Talk About Work

Speaking About Your Work

Something I’ve noticed is that many artists seem to have a hard time talking about themselves or their work. How you communicate will affect the perceived value of what you are presenting. Some people probably want to be humble, but if you down play what you do then others will be less inclined to look at or appreciate what you’re offering. I understand, I’ve struggled with this as well.

If you’d like people to appreciate your work, skim over the following article with a mind towards your project and then we’ll talk about how to apply the main points.

How to Speak Proudly About Your Work

Okay, back? Good. Let’s break this down.

Your Work Is Important: Act Like It

The first point the author brings up is “Define and Reflect”. What about your work is important? Wait! I hear you already: “I’m just an artist. My work isn’t important. I suck compared to [Big Name Artist].”

That attitude isn’t going to cut it here. That’s a bunch of garbage that society, friends, and your parents tell you because they don’t know that art is a real job and that many people make a living off it. Their intentions are probably good, but you’re going to face competition and struggle no matter what field you go into. Have you ever enjoyed someone else’s art, writing, film, or other creative work? Of course you have. Art is involved in everything. It IS important.

Now, what is important about your work? Why do you feel you need to tell this story? Does it come from a perspective that you feel is lacking in most stories? Do you have experience with a key aspect of the story? Is it just fun? Do you need to verbalize (or otherwise communicate) the ideas in your head to help process them? Maybe other people need to process similar feelings too.

For example, with my own work, I feel that Discover Comics fills a void in the online comics world, providing a place for readers and creators to find links and information specifically aimed at online comics where many other webcomic related sites often disappear and/or are abandoned.

You don’t have to boast and say you’re the best, but make it clear that you know what it is you want to do and that you are working toward that goal. If you’re not sure what that goal is, then figure one out so that you have a direction to take the conversation in. Just don’t depreciate yourself because your audience will follow your lead.

No Goals? Retcon

The second point that the author addresses is to “Collect Your Small Successes”. You might be tempted to say that you’re just stumbling through your work blindly and that you didn’t set any goals for yourself. Well, that’s fine. You can now look back at the path you’ve taken and figure out what your hidden goals may have been if they weren’t there before.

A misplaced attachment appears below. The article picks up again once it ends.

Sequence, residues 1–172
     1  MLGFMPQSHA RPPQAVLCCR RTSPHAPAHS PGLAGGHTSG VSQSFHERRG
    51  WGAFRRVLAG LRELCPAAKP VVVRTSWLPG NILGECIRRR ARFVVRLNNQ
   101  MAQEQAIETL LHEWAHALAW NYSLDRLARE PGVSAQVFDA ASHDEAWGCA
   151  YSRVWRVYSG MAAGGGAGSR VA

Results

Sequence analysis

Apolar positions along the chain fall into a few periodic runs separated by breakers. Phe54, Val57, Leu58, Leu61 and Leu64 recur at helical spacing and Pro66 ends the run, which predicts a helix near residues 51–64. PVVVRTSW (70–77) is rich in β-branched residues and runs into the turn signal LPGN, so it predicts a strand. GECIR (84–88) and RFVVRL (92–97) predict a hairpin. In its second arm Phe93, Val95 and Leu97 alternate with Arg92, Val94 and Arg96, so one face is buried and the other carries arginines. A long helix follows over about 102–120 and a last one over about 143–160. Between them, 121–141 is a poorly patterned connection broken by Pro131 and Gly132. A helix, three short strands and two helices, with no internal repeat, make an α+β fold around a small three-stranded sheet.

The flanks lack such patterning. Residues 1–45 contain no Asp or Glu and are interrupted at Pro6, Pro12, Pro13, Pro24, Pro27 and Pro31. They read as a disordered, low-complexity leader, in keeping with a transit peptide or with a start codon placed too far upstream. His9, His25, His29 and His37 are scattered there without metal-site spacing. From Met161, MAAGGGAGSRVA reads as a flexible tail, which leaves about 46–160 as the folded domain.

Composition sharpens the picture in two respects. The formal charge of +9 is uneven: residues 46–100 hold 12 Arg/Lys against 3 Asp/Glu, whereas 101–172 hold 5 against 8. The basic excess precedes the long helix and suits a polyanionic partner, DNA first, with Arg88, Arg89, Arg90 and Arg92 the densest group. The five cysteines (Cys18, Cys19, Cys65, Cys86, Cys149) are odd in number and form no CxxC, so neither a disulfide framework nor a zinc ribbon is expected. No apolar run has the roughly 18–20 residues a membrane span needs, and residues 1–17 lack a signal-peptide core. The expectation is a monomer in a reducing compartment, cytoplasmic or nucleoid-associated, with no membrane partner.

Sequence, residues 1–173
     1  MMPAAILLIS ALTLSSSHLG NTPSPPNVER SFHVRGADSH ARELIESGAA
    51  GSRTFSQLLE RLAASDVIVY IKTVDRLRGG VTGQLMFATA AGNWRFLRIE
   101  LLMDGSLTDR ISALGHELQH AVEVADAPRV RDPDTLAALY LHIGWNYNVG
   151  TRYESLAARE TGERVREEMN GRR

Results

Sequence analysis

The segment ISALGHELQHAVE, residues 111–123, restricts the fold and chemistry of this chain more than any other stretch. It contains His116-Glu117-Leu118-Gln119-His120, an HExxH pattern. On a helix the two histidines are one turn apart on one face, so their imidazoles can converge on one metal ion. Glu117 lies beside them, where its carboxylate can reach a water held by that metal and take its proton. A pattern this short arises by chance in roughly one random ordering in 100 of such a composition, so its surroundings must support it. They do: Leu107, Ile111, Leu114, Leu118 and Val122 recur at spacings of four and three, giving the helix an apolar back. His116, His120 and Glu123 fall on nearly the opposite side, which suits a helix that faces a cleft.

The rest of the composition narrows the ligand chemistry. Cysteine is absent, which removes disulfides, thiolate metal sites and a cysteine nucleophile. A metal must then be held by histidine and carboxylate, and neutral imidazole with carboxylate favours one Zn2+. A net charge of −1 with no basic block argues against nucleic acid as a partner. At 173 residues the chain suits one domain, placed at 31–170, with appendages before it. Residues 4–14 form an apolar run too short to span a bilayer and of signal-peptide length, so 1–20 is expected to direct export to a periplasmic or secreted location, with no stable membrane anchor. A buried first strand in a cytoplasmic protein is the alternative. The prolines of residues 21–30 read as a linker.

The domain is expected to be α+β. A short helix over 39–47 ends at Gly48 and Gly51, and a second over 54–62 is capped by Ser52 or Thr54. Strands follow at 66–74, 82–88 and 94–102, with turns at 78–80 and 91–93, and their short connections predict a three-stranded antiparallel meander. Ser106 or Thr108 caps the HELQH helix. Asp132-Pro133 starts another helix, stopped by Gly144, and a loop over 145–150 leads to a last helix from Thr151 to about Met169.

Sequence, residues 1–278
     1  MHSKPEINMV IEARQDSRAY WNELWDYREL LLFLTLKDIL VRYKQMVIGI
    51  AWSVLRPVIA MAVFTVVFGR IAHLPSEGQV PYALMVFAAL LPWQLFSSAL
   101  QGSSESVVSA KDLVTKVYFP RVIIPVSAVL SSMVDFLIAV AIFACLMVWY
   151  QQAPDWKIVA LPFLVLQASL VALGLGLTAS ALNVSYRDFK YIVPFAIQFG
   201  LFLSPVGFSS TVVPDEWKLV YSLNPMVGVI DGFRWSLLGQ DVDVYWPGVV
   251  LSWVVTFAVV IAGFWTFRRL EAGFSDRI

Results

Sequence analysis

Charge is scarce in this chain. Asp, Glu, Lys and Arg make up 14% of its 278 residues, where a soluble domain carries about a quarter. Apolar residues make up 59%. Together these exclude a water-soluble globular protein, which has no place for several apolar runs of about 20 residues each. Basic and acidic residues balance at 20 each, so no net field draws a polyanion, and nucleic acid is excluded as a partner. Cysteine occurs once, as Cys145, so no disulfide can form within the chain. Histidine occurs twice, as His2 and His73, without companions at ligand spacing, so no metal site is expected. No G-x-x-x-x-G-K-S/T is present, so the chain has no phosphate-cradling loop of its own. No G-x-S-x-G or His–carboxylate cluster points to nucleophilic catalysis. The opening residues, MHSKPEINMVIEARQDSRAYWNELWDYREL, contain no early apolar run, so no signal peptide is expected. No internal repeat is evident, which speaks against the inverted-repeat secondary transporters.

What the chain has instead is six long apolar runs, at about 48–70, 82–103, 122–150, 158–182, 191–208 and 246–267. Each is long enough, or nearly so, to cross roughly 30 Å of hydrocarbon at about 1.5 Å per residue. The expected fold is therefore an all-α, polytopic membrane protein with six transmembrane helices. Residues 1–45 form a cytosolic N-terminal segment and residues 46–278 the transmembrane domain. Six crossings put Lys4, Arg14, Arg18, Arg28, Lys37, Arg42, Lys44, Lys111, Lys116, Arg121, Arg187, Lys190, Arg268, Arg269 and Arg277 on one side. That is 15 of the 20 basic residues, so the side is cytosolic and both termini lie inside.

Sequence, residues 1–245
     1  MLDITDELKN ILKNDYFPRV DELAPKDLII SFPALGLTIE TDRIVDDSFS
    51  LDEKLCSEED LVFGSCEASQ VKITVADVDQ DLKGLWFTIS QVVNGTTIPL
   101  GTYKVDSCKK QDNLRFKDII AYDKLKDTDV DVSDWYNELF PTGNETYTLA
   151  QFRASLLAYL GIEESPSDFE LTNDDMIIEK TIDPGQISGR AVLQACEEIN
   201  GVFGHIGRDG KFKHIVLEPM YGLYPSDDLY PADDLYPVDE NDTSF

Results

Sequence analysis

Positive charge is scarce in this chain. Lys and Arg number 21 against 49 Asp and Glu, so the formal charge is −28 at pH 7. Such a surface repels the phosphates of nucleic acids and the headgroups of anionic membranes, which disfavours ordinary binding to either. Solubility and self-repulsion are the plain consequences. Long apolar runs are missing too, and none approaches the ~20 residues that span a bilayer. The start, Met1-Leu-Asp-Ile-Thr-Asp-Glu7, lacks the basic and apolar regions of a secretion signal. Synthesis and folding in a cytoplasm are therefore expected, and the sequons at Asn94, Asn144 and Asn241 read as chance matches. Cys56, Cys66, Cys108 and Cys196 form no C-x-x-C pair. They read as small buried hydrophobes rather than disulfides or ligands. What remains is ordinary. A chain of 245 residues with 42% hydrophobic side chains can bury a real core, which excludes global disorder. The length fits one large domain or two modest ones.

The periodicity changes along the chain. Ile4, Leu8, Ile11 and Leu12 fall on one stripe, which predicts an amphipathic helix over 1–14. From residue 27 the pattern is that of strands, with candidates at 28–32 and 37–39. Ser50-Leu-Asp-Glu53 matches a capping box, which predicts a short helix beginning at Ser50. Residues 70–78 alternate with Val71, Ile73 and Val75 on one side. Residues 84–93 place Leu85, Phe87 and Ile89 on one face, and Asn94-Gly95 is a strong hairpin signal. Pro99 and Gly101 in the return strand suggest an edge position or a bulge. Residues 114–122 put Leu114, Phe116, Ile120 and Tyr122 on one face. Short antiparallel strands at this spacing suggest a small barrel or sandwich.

As an artist it’s all too easy to see the flaws in our work, but you want to ignore that here. Maybe you really struggle with drawings hands. Maybe your hands still look horrible in your opinion, but if you realized that it was a weak point and your drawing has improved some since you started drawing hands, that’s a success. You might say that you actively analyze your work, (which you have, because you realized that your hands suck) and you make progress towards improving those areas of your work. (Even if you’re not happy with the speed of your progress.) Minor success!

Perhaps you had work rejected from some projects. Sure, it’s not great that you didn’t get accepted, but the fact that you finished several works to be submitted in the first place is a success! “I completed X number of illustrations in the past three months!” The fact that they were rejected is not necessarily relevant. You’re showing that you can set a goal and meet a deadline and that can be valuable in itself. At the very least, the fact that you completed X works will probably peak someone’s curiosity more than saying your work isn’t anything special.

Monkey See, Monkey Do

The third point, “Adjust Your Mindset”, is really about looking at things from a different point of view, and that’s something that we as creatives should excel at. You could say it’s also the overarching theme of all this advice. Don’t think that your audience will view your work with the same feelings you have. Give them a chance to feel something else and make up their own minds by not leading them down the same path of devaluing your worth. By showing enthusiasm for your work, your audience likely will also.

I Am Artist! Hear Me Roar!

The final point addressed, “Speak Proudly” can be challenging. It requires a shift in perspective that can be hard to pull off on the spot if you’re not used to it. Spend some time thinking about the previous sections and think about how you can present yourself more positively in advance so that you are prepared before discussing your work with others. Why is your work important? What goals are you trying to accomplish? What aspects of my work might be interesting to someone who is not a creator? How can I phrase my answers so that I sound more positive or at least don’t belittle myself?

Bonus Tip: Sarcasm Doesn’t Read Well

Literally. If you’re presenting yourself online, in text with out any voice to indicate tone, sarcasm can come off badly. People might not realize that your offhand “Oh, yeah, my work is completely lame” was a joke and just write you off.

Even if they do get that you’re joking, that kind of comment can make people think that you’re not serious about your work, and that’s not what you want. A sincere, thoughtful answer is more likely to be engaging than a quick dismissive quip. That’s not to say that you can’t be funny, just be cautious about where you’re leading people with your words.